Braised Venison Shoulder
This recipe very adaptable. It works for a variety of flavoring styles (mexican, greek, bbq, etc) and is dead simple.
It’s also excellent with other meats—even domestic—but is best with cuts rich in connective tissue, like shanks, neck, and of course shoulder (butt or chuck from pork or beef respectively).
Removing bones first may be necessary if you are trying to fit it into a slow cooker to finish cooking after browning in the oven. Otherwise leave any bones in until after it’s cooked, so long as everything fits in your pan.
For convenience you can skip the browning step and go straight to the braising, but it won’t have quite as much flavor.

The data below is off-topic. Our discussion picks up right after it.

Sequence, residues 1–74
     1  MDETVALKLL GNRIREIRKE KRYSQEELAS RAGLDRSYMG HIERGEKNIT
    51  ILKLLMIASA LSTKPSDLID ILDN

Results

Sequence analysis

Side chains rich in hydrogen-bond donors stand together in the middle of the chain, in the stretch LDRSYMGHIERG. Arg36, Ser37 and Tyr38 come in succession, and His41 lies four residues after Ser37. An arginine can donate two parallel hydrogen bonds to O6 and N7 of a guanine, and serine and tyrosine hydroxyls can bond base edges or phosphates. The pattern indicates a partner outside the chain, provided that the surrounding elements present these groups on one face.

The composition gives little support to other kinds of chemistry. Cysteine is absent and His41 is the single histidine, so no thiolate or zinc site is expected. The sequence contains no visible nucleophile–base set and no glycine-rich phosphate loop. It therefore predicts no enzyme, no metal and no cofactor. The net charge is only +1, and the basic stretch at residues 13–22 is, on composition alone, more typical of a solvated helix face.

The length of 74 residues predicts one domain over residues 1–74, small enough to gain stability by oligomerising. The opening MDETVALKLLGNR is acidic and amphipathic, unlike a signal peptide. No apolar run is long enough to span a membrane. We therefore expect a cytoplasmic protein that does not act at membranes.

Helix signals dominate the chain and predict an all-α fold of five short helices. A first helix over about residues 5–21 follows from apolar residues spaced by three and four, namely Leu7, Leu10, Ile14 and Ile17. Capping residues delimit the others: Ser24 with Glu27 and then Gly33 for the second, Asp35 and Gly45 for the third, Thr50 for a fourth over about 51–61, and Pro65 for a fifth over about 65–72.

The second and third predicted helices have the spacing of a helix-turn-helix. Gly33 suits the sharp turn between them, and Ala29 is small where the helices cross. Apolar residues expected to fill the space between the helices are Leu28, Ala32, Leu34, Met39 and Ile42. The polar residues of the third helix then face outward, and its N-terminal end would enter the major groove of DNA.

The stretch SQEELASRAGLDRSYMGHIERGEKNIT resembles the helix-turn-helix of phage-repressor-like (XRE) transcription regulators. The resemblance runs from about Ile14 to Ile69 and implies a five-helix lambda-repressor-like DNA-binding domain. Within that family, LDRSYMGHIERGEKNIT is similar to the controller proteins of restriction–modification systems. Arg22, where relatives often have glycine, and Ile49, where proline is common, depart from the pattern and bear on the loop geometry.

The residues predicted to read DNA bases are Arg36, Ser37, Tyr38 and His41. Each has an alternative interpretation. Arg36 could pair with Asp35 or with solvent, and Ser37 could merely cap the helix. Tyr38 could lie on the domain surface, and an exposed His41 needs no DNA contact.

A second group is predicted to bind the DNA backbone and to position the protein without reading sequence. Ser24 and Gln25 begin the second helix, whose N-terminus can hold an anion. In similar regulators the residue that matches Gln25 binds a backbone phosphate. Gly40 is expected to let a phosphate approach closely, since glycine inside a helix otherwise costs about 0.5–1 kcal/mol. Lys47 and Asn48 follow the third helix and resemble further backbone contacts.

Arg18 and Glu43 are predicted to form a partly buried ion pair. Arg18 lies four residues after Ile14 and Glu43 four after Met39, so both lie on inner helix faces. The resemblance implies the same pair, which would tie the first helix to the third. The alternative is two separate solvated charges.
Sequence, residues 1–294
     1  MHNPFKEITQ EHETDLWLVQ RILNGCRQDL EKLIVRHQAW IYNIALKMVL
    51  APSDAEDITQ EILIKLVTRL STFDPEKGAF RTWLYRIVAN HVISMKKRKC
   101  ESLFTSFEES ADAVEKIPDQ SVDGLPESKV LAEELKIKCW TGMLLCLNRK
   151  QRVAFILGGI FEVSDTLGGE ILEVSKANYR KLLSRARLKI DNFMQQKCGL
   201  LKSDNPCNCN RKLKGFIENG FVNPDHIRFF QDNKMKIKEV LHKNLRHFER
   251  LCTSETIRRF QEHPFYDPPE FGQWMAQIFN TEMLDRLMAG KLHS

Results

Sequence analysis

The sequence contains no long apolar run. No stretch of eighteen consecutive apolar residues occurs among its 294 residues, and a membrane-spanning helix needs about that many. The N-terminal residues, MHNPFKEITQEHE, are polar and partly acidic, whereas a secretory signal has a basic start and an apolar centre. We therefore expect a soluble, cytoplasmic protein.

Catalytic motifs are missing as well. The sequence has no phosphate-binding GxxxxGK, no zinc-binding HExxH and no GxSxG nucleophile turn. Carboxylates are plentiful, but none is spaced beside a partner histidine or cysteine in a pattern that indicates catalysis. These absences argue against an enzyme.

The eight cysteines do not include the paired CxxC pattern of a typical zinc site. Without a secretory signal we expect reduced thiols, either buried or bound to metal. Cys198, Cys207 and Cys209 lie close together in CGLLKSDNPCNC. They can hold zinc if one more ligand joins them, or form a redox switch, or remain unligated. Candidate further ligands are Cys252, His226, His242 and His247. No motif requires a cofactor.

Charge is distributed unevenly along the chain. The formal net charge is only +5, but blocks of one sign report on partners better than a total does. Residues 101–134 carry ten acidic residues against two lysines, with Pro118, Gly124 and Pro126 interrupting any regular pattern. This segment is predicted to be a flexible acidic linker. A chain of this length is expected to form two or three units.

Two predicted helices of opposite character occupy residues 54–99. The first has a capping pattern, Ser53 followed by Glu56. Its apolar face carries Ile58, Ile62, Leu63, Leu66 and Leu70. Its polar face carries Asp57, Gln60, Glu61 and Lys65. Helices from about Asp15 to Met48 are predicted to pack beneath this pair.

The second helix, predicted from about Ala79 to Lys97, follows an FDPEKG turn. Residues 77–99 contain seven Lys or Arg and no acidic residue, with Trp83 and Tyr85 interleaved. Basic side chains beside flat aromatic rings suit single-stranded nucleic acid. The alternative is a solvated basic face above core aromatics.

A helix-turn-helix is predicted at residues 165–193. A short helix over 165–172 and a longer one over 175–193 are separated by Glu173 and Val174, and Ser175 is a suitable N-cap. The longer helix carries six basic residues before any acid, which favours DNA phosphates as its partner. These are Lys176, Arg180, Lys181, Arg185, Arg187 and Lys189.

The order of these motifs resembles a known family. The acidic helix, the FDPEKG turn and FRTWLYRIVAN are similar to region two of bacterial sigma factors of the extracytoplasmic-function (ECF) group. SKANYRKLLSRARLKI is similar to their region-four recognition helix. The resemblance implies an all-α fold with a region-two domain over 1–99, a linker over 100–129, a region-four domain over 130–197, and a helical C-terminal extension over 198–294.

The best stock for braising liquid would be venison or beef. Home made is best. If you don’t have that much stock handy, “Better Than Boullion” base (beef or pork or vegetable) is a fine substitute. It’s cheap and good and, yes, way better than bouillon. Most grocery stores have it in the soup aisle.
If the whole shoulder won’t fit in your pan without hanging over the edges, split it into 2 by working a knife through the shank joint. No need to be fussy about it, you’ll soon be pulling the meat off the bones anyway.
The recipe is also perfect for shanks and heels from the hindquarters—tough cuts with LOTS of connective tissue. They are transformed from a grinder-clogging annoyance into a lip-smacking treat. I freeze them whole (no trimming – yay!) and toss a couple in with the shoulder if there’s room.